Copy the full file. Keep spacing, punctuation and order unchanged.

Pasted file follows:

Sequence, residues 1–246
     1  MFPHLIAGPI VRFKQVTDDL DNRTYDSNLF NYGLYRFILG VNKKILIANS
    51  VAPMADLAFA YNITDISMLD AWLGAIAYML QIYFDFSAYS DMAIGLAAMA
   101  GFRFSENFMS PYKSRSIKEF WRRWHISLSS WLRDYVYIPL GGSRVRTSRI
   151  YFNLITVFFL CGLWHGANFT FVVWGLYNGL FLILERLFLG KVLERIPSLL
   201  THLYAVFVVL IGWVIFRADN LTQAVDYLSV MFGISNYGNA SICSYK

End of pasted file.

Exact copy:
Sequence, residues 1–246
     1  MFPHLIAGPI VRFKQVTDDL DNRTYDSNLF NYGLYRFILG VNKKILIANS
    51  VAPMADLAFA YNITDISMLD AWLGAIAYML QIYFDFSAYS DMAIGLAAMA
   101  GFRFSENFMS PYKSRSIKEF WRRWHISLSS WLRDYVYIPL GGSRVRTSRI
   151  YFNLITVFFL CGLWHGANFT FVVWGLYNGL FLILERLFLG KVLERIPSLL
   201  THLYAVFVVL IGWVIFRADN LTQAVDYLSV MFGISNYGNA SICSYK